Reflections on Lumen Gentium, Part 34

34. The supreme and eternal Priest, Christ Jesus, since he wills to continue his witness and service also through the laity, vivifies them in this Spirit and increasingly urges them on to every good and perfect work.

For besides intimately linking them to His life and His mission, He also gives them a sharing in His priestly function of offering spiritual worship for the glory of God and the salvation of all. For this reason the laity, dedicated to Christ and anointed by the Holy Spirit, are marvelously called and wonderfully prepared so that ever more abundant fruits of the Spirit may be produced in them. For all their works, prayers and apostolic endeavors, their ordinary married and family life, their daily occupations, their physical and mental relaxation, if carried out in the Spirit, and even the hardships of life, if patiently borne—all these become “spiritual sacrifices acceptable to God through Jesus Christ”.(199) Together with the offering of the Lord’s body, they are most fittingly offered in the celebration of the Eucharist. Thus, as those everywhere who adore in holy activity, the laity consecrate the world itself to God.

199 1 Pt. 2:5.


The work of a priest is to consecrate, to make holy. Thus, the priest offers sacrifice and, by doing so, sanctifies the elements of the sacrifice, those participating in the sacrifice, and those for whom the sacrifice is offered.

As laity, we often forget (or fail to appreciate in the first place) how much we participate in the priesthood of Christ. At Baptism, we are initiated into the ministry of Christ as priest, prophet, and king. Part of how we participate in His priesthood is through the Eucharist. This is why the Church properly speak of the laity “assisting” at Mass, rather than merely “attending.” Our obligation is not merely to attend Mass, but to assist at Mass. This is what the Council Fathers mean when they speak of the laity “sharing in [Christ’s] priestly function of offering spiritual worship for the glory of God and the salvation of all.” By assisting at Mass, we truly help the ordained priest offer the Eucharist as an offering for the salvation of all people. If nothing else, this ought to inspire us to pay a little more attention to what’s going on at Mass!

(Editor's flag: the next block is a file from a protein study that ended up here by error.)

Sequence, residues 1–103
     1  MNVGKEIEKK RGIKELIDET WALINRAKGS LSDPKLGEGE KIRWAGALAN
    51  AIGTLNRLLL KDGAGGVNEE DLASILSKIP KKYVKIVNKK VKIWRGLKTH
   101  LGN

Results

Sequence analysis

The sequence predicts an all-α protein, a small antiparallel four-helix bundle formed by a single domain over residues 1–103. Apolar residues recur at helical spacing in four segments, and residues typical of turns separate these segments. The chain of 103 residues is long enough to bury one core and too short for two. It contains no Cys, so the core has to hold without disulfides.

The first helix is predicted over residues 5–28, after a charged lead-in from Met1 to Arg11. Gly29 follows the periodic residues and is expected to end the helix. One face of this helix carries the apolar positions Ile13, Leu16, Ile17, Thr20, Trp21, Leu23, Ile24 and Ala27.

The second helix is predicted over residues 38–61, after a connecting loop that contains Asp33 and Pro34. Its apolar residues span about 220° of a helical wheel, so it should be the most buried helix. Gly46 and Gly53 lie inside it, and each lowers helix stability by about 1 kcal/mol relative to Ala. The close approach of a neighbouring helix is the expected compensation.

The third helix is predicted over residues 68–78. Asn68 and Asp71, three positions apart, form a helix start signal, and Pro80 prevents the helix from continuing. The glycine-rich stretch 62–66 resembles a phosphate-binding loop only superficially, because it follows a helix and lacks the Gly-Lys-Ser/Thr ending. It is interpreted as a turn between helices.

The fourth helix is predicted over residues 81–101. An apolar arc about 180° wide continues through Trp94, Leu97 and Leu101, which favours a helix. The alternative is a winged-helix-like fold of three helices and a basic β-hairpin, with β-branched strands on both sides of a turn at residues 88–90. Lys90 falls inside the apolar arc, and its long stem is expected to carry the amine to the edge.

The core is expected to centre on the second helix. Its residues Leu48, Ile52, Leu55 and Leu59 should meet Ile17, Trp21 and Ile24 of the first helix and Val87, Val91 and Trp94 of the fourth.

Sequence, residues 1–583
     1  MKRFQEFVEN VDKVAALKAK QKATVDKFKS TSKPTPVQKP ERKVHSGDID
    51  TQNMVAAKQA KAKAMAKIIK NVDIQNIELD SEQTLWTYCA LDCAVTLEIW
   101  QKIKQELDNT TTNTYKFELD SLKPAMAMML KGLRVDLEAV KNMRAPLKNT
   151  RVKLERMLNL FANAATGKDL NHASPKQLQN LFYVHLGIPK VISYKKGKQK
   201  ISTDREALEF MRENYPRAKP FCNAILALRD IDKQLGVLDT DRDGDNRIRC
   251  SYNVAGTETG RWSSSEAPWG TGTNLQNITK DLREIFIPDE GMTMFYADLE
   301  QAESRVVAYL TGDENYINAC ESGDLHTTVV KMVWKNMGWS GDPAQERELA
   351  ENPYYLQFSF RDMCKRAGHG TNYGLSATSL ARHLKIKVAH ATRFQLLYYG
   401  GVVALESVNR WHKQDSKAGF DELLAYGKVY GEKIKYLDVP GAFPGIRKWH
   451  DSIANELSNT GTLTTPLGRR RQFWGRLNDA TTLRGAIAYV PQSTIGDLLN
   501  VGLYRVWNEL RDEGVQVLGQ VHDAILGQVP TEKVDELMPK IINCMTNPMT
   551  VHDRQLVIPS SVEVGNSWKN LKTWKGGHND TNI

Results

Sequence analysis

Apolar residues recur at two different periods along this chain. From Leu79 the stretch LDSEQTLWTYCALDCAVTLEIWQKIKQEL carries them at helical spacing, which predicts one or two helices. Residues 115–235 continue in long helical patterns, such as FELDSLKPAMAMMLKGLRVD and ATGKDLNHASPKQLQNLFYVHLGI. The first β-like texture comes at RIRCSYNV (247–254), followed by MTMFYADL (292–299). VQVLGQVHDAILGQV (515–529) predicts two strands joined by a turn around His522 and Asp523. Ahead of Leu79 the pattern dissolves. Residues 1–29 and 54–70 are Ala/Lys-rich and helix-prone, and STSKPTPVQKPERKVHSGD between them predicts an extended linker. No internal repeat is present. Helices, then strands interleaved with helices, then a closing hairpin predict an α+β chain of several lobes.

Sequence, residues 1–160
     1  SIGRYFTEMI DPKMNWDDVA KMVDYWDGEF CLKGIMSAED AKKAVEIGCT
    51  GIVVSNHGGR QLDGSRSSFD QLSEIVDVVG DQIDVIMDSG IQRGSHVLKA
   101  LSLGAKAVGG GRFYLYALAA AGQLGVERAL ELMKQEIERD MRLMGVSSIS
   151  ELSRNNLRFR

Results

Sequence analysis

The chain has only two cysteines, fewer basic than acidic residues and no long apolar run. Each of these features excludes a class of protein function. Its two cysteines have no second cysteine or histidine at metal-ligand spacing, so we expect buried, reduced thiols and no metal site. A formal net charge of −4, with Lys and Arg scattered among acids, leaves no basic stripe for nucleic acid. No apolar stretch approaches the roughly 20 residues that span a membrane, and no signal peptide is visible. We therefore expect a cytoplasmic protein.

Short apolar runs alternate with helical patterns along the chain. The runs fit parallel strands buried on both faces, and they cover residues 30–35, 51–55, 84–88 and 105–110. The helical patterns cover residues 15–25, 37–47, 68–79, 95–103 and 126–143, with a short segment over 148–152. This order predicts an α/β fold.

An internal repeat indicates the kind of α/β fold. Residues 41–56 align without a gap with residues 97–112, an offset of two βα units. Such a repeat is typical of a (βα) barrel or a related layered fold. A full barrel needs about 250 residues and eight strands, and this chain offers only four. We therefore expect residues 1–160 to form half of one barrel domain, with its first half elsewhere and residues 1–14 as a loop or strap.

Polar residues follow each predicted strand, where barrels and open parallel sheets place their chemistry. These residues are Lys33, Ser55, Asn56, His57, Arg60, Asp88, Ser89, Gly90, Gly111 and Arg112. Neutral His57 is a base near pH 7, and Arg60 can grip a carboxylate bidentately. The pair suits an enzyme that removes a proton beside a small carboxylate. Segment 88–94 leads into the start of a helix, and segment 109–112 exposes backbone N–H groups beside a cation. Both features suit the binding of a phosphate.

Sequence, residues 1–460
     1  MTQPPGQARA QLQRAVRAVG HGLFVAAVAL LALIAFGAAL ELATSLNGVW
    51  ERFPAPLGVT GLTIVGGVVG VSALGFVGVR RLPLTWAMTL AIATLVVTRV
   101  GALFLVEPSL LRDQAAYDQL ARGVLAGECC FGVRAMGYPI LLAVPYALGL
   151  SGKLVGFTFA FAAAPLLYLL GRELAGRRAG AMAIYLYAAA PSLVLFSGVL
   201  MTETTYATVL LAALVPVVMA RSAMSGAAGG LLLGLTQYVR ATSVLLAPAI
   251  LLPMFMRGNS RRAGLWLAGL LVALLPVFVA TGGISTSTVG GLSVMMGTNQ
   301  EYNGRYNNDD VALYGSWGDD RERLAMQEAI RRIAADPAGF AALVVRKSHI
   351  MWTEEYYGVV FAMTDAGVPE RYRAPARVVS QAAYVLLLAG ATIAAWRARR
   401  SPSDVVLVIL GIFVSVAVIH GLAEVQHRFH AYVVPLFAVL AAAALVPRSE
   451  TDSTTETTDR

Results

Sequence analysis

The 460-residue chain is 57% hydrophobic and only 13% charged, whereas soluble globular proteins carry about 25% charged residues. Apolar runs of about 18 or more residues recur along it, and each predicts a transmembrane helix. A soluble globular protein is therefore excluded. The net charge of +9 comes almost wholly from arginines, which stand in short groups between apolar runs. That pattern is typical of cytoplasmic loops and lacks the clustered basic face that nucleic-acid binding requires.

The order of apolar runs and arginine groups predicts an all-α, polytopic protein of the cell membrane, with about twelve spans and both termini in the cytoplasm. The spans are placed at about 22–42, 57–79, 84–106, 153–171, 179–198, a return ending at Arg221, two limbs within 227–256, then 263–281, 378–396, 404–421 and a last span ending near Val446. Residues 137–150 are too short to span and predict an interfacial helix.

In Baptism and Confirmation, we are anointed by the Holy Spirit to produce good works that are then offered to God for the consecration of the world. The good works we produce in our marriages and family life (the formation of the man the woman as one in Christ, the raising of children in righteousness, etc …), the little sacrifices we offer up through the day (patience in traffic, fortitude in the face of the physical and emotional pains of life, forbearance in the face of frustrations at work, etc …), the joys we celebrate and the hardships with which we struggle — all of these are gifts consecrated, “carried out in the Spirit,” as “spiritual sacrifices acceptable to God through Jesus Christ” (1 Peter 2:5). It is by means of the spiritual sacrifices that the laity “consecrate the world itself to God.”

This is an awesome responsibility, not to be taken lightly. I suppose priests have an easier time remembering that their lives are consecrated to the purpose of God’s kingdom. Each day they go to work at a parish or some other official ministry of the Church. Each day they wear clothing that announces to the world their having been set apart for the work of Christ and His Church. I suppose, conversely, they face the temptation of the ministry of Christ and His Church being reduced to the daily drudgery of the workplace, just as we laity so often experience our daily workplace responsibilities as drudgery more than as joy (even if we like our job!). But, we laity, whose lives more concretely resemble those dedicated wholly to the secular endeavors of life, can sometimes forget that we are set apart, too. However, the everyday, seemingly mundane activities of our family lives, our work lives, our leisure times are themselves opportunities to participate in the saving work of Christ. In this sense, there is no such thing as a mundane activity for the believer, for any activity, if offered up in the Spirit, can be transformed into a moment of grace, where the saving work of Christ takes place. Indeed, it is our responsibility as laity to transform these moments, to consecrate them toward the saving work of Christ. That is our mission and responsibility, as sure as it is the mission and responsibility of the ordained priest to preside at the Eucharist, to hear confessions, to baptize and bless. This is the work we do. It is the work of Christ. It is the work of salvation. We will answer to how dedicated to this work we were during the course of our lives lived under His grace by Baptism. By His grace, may He have reason to say to us each, “Well done, good and faithful servant!”

Be Christ for all. Bring Christ to all. See Christ in all.

2 thoughts on “Reflections on Lumen Gentium, Part 34

  1. “Relaxation”, pleasure in life are NOT “Spiritual Sacrifice”; these are not implicated in1 Peter 2.
    I believe “Spiritual Sacrifice” from Saint Peter’s epistle, as a term, was hijacked and twisted.
    Relaxation, the good I’ve received will offered up as a Thanksgiving to God I remain ~ Not a Sacrifice!


    1. It’s not clear to me why even moments of relaxation “if carried out in the Spirit” cannot be spiritual sacrifices. Jesus is fully human and lived a life that was fully human. Surely, He enjoyed moments of relaxation. I suspect that even these He offered to the Father, along with every other aspect of His life. I don’t see why we can’t, also, in imitation of Christ. Perhaps it does require a broader understanding of “sacrifice,” but not one so broad as to demean or misapply the concept.


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